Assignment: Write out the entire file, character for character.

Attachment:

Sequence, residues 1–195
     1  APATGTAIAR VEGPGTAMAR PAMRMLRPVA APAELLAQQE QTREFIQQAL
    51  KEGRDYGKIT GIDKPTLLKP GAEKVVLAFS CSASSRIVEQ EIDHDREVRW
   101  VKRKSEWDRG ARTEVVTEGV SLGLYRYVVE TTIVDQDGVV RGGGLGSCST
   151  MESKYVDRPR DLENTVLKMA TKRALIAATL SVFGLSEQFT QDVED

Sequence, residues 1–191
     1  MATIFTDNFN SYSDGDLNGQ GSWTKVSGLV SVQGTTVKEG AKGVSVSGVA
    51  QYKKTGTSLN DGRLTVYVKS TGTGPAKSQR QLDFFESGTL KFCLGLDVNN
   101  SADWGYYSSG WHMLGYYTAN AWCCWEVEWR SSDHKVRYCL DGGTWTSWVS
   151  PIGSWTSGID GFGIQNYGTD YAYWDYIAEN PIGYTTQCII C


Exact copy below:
Sequence, residues 1–195
     1  APATGTAIAR VEGPGTAMAR PAMRMLRPVA APAELLAQQE QTREFIQQAL
    51  KEGRDYGKIT GIDKPTLLKP GAEKVVLAFS CSASSRIVEQ EIDHDREVRW
   101  VKRKSEWDRG ARTEVVTEGV SLGLYRYVVE TTIVDQDGVV RGGGLGSCST
   151  MESKYVDRPR DLENTVLKMA TKRALIAATL SVFGLSEQFT QDVED

Sequence, residues 1–191
     1  MATIFTDNFN SYSDGDLNGQ GSWTKVSGLV SVQGTTVKEG AKGVSVSGVA
    51  QYKKTGTSLN DGRLTVYVKS TGTGPAKSQR QLDFFESGTL KFCLGLDVNN
   101  SADWGYYSSG WHMLGYYTAN AWCCWEVEWR SSDHKVRYCL DGGTWTSWVS
   151  PIGSWTSGID GFGIQNYGTD YAYWDYIAEN PIGYTTQCII C